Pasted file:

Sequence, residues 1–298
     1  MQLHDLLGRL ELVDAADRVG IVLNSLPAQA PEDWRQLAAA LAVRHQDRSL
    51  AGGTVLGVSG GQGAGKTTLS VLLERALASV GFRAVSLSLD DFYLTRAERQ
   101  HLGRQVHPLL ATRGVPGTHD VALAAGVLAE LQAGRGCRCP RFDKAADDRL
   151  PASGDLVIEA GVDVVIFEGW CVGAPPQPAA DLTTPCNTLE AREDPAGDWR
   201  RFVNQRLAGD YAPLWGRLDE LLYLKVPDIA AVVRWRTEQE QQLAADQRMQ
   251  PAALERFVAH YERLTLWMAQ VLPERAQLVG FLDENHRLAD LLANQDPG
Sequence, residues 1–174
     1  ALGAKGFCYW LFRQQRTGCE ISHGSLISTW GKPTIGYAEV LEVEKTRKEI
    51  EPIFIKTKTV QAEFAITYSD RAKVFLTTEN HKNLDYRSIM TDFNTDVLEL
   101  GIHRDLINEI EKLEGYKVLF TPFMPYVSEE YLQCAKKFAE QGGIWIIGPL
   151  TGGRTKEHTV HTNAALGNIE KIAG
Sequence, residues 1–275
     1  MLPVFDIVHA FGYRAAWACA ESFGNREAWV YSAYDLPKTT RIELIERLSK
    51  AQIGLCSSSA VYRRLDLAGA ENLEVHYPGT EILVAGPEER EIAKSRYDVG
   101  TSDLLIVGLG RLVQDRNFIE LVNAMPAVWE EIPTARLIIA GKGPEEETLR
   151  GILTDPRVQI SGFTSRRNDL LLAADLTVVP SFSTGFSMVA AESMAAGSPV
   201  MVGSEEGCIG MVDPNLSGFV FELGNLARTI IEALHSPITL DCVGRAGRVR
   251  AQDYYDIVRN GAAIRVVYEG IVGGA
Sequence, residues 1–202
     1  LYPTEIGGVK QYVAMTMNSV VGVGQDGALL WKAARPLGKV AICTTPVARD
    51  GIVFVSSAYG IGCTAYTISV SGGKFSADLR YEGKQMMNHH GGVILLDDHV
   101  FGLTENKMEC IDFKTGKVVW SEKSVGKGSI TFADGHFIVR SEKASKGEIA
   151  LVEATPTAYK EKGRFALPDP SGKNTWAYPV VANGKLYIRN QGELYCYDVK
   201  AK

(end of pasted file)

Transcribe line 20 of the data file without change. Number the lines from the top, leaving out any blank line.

Sequence, residues 1–202